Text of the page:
Ask anyone what Graduate School is about and the first thing they will probably tell you is that you have to write a thesis. In reality, we all know that Grad School is about a looooot of different things (some of which we had no idea about before we started our Grad School journey), but I think we would all agree that the main goal is to pop out that dissertation and leave a trace of ourselves and our contribution to the research community.
So, is it just me or are others also faced with the ironic situation that the one thing we should really be doing also happens to be the one thing we devote the least time to in our everyday PhD lives?
Of course, there are many steps to complete before even beginning to write the dissertation. First, you argue, you need to get all those other pesky requirements out of the way (depending on how your Department works) – coursework, Comps, the research proposal, etc. Then, if you’re in an experimental field, the next phase is devoted to obtaining Ethics, recruiting participants (or finding animals, growing cultures, whatever you’re into!) and testing – oh, so much testing. (By the way, have you ever tried to use your lab keys to open your front door at home? Testing can be draining.) You can’t POSSIBLY write during this period, right? And, after all, you need to have something to write ABOUT, don’t you? It’d be atrociously silly to start writing papers when you might have to re-think, re-analyze, re-organize and re-write it. And, needless to say, there are all those urgent interruptions along the way – the kinds with deadlines (conference abstracts, conference presentations, paper reviews), the kinds with heavy expectations (attending meetings, being involved in other work in the lab, participating/organizing departmental events), and the kinds with neither, but that we simply cannot live without (Facebook and various other procrastinatory activities).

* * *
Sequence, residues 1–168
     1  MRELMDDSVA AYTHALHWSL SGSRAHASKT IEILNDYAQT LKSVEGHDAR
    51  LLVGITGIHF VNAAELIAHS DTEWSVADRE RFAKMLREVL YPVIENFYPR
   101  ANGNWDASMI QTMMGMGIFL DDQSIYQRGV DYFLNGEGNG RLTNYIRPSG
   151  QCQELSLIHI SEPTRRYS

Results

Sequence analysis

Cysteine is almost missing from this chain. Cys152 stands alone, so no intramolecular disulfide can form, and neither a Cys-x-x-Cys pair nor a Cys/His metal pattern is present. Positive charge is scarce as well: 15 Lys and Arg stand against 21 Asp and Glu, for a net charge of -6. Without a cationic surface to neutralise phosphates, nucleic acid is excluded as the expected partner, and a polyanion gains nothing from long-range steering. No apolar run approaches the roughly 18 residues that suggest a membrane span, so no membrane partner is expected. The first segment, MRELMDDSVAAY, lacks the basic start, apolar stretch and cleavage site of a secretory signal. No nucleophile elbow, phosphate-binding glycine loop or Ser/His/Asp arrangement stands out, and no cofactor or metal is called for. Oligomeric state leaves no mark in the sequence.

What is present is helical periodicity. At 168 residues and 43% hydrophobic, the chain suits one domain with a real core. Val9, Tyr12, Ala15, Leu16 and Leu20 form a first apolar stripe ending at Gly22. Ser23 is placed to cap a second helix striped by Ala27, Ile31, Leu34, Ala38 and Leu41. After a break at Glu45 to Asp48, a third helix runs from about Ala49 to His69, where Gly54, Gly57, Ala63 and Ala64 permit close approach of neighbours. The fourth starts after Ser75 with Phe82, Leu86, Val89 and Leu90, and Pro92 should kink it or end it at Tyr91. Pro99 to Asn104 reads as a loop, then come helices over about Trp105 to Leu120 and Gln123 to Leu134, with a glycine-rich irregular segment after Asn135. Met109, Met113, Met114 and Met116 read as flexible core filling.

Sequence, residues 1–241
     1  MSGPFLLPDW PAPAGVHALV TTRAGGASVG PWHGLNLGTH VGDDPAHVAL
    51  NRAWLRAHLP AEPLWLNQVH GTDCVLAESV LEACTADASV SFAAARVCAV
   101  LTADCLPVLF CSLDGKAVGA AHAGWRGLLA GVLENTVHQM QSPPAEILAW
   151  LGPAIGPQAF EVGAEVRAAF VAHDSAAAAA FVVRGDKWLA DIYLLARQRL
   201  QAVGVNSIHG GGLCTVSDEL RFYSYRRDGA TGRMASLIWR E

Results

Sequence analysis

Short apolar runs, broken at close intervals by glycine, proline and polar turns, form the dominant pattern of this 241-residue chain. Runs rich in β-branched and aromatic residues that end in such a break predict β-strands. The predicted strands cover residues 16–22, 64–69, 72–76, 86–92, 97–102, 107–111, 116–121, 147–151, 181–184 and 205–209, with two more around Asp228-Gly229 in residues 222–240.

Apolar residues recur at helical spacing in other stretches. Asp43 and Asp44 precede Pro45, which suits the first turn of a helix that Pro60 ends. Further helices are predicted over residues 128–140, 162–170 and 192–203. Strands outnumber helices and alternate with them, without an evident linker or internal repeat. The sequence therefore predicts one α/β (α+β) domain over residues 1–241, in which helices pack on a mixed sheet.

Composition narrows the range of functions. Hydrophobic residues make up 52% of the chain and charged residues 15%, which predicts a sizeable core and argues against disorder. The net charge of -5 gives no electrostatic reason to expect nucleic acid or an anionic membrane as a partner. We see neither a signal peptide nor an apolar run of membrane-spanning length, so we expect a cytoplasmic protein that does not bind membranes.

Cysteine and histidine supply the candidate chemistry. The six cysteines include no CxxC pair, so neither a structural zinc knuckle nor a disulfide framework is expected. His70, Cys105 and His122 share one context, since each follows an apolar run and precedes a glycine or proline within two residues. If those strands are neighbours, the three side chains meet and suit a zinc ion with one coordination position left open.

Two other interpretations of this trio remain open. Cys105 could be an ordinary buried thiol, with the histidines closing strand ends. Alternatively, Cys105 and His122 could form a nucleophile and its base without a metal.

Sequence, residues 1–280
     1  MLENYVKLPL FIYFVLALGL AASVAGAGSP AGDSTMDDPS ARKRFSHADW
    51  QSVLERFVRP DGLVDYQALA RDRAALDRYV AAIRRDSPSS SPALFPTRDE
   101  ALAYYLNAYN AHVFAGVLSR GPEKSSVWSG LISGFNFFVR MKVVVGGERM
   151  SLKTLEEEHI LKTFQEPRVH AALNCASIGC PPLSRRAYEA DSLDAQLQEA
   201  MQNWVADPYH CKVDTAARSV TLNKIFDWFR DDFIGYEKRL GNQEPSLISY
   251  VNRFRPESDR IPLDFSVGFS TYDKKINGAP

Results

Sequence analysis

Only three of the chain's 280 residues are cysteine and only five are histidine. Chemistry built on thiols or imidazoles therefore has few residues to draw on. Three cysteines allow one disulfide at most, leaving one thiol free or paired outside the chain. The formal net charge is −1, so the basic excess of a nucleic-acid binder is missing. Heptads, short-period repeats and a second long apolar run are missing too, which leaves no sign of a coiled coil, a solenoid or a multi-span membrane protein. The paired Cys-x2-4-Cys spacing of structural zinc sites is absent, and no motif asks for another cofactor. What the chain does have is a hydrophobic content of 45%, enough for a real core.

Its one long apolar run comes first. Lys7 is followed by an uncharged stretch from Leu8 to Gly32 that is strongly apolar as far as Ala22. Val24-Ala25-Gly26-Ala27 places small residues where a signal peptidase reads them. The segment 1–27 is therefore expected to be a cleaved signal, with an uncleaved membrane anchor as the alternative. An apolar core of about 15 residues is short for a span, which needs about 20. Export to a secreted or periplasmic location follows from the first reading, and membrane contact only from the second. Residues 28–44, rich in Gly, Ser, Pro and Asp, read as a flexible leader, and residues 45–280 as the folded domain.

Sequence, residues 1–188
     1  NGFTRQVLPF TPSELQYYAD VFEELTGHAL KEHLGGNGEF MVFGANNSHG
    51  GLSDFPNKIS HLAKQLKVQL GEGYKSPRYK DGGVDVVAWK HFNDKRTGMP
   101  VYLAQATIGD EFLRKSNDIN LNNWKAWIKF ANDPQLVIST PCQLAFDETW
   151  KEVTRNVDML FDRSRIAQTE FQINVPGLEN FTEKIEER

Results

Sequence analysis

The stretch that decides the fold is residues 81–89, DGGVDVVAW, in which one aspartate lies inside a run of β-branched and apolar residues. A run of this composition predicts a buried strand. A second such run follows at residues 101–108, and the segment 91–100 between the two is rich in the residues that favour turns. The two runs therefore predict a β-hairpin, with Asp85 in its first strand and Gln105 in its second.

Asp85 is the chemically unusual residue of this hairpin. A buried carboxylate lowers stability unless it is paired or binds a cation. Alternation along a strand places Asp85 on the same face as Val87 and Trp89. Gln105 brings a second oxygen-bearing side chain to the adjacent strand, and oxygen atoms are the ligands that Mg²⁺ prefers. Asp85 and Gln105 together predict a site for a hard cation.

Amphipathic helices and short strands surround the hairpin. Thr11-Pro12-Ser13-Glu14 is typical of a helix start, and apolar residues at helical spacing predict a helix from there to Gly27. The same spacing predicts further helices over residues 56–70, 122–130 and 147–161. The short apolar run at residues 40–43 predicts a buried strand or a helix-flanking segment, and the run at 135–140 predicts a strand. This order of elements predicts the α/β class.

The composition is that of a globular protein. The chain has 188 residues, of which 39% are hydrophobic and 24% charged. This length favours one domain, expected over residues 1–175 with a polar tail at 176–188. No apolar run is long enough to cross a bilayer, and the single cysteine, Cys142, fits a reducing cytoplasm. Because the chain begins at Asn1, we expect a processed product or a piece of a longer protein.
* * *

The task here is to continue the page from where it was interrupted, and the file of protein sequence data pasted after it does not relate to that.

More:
While it is true that the everyday life of a PhD student is often filled with everything and anything but writing, it can be quite detrimental to go down this path without making a conscious effort to carve out some writing time early on in the PhD process. It’s true that the thesis marks the finish-line, but this doesn’t mean the actual writing process must take place during the final phase of the PhD. Once our actual research is underway, there’s a whole lot we could write about – and probably a whole lot that won’t have to be changed substantially – while we are collecting and analyzing data.